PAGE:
There are lots of fantastic stories out there, and there are lots of people more experienced than I who can help you find those stories. So, rather than identifying great stories, I want to get under the hood and discuss what makes them great from a technical perspective. Basically, these are the stories that make me, as a writer, sit up and say, “That was clever! How did they do that?”

I’m going to try to visit as many different publications (mostly semi-pro) as I can in the process, but over time you might notice me focusing on some more than others. That’s not because they’re necessarily any better, but rather because I know Charles Payseur and the great team here at SFFReviews aren’t able to cover them and I want to help draw attention to the excellent work they publish.

Before I begin this review, though, I’d like to put something on the table: I hate the Idiot Ball. Plots that only function because one or more cast members take turns huffing paint make me want to smack myself in the head with the book. For similar reasons, de-powering characters usually annoys me, too. Done well, it can be an interesting exploration of the risks inherent in using a certain skill or ability as a crutch, but most of the time it seems like the author does it because otherwise there wouldn’t be a plot. Further, even when it’s done well, it’s almost invariably less fun than another plot would be.

Consider the duel scene from the Princess Bride (a brilliant scene in a movie full of brilliant scenes). How much fun would that scene have been if they had begun dueling right after the grueling climb up the Cliffs of Insanity, when they were both dead tired? There still would have been tension, of course, but it would have been a grim, grey sort of tension, as opposed to the nail-biting back-and-forth masterpiece the movie created.

That’s why I enjoy stories like “The Bonesetter,” by Santiago Belluco and published in Metaphorosis. The core of the story is a duel of magic and cunning between two skilled, clever antagonists, each among the last of their kinds. They fight as much for survival as dominance, and they both have plenty of tricks up their sleeves to keep each other off-balance.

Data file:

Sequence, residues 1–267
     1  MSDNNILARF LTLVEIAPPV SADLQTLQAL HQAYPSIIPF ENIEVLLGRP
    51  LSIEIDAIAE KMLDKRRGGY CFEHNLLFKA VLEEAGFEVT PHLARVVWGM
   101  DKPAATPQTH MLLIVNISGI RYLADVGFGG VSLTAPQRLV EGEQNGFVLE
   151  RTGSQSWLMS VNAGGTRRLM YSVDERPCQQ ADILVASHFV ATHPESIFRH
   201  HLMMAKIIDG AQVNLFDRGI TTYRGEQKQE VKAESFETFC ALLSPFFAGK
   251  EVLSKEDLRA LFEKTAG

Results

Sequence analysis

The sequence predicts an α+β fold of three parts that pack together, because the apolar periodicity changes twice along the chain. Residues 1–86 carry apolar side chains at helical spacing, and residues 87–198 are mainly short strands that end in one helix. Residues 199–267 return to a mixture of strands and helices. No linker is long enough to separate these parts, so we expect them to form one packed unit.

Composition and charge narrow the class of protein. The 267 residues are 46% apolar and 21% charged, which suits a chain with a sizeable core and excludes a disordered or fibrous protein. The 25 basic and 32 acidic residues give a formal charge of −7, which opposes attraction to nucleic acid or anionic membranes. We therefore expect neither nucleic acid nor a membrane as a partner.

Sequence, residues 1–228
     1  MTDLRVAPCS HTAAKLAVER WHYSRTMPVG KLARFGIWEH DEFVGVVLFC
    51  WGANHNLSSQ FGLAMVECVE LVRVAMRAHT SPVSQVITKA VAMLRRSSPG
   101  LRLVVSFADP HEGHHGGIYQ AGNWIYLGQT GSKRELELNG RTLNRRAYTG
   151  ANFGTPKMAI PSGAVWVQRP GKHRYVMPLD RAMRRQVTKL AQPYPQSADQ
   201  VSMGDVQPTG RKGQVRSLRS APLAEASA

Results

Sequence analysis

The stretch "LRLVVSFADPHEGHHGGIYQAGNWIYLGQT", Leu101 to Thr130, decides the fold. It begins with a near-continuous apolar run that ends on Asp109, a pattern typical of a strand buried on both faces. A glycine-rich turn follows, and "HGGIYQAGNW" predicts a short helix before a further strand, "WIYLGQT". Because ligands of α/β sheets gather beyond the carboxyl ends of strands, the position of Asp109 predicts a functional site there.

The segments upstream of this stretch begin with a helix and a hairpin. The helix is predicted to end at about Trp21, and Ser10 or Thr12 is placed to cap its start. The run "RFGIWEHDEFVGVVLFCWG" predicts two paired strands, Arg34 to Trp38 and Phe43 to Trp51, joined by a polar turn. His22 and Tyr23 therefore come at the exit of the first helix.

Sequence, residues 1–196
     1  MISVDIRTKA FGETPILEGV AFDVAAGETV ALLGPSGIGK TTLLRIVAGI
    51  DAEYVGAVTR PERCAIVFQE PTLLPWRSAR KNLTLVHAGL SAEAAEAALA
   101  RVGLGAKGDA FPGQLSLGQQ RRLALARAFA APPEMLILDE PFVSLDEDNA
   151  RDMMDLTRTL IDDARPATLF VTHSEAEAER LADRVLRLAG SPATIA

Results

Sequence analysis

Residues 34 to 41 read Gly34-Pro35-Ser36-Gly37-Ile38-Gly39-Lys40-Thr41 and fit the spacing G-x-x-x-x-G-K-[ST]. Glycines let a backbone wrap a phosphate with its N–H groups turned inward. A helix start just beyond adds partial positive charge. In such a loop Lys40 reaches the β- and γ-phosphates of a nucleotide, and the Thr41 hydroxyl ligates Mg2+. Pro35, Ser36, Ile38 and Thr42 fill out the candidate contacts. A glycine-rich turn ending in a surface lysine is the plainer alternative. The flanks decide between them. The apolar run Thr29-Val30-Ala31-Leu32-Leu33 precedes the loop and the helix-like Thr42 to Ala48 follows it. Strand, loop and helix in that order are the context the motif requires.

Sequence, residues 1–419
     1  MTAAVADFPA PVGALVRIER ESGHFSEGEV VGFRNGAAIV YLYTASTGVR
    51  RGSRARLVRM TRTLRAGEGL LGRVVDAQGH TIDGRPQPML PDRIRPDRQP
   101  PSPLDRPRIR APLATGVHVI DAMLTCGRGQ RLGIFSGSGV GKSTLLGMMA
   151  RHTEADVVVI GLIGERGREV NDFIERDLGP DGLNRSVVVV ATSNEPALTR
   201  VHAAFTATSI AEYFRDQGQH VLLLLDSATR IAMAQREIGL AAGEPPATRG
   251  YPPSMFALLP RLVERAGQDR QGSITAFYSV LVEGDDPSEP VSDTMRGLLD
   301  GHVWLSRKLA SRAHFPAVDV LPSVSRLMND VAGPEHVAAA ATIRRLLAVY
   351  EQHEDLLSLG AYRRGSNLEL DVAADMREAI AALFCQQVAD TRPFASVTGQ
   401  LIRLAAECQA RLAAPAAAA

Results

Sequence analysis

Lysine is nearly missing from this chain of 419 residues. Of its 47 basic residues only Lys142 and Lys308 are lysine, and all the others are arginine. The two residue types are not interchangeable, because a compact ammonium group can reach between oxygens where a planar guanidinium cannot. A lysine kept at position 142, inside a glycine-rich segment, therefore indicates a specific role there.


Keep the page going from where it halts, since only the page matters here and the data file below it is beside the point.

I use that metaphor advisedly. Ideally, Belluco would have carefully hung each trick up on the wall prior to using it, but in the cramped confines of short fiction, that’s not always possible. Instead, what this story presents is more of a magic show. You never quite know what tricks the protagonist or antagonist are going to perform, but you can count on enjoying the stagecraft.

Between the tricks, though, keep an eye out for the complex worldbuilding Belluco weaves into the story. Some stories feel like they take place on a movie set, where nothing existed before the story’s start and nothing will remain after The End. The world of “The Bonesetter” is full almost to bursting with small details and intriguing facts about far-away places, and you’ll come away with the feeling that you’ve seen just one engrossing facet of an immensely complex gem.

So give it a read! Sadly, you don’t see this sort of thing every day. And, after watching a truly masterful parasite at work in this story, you’ll be rethinking any objections you might have had to cut-rate ones.


We encourage everyone interested in reviews of short SFF to add Quinn’s series to their blog roll. We’d also love to showcase any other sites doing reviews of short SFF, please drop us a line if you’re interested in doing a guest post on our site!

REVIEW: “Some Desperado” by Joe Abercrombie

Review of Joe Abercrombie, “Some Desperado”, The Best Science Fiction and Fantasy of the Year series, Vol. 8. Reviewed by Drew Shiel.

This is actually the first story in Volume 8, but I’ve chosen to review it second so as not to start out with a negative. The negativity is because I can’t see why “Some Desperado” is actually in this book. Joe Abercrombie is a fantasy writer, sure, in that particular (and by now possibly fading) sub-genre of grimdark fantasy. But there isn’t any speculative element in this Western-esque story of a bank robber reaching a abandoned village just ahead of her pursuers, unless it’s “her”, and that seems like stretching. Further, the story is one extended fight scene, pretty completely lacking in plot or character development. It’s a well-written fight scene, certainly. But it reads like a vignette-style extract from a longer work, and unless you know the longer work, or really like Abercrombie’s writing, there’s really not much here.

Recommended, perhaps, for fans of the western genre, alt-history, or fight scenes.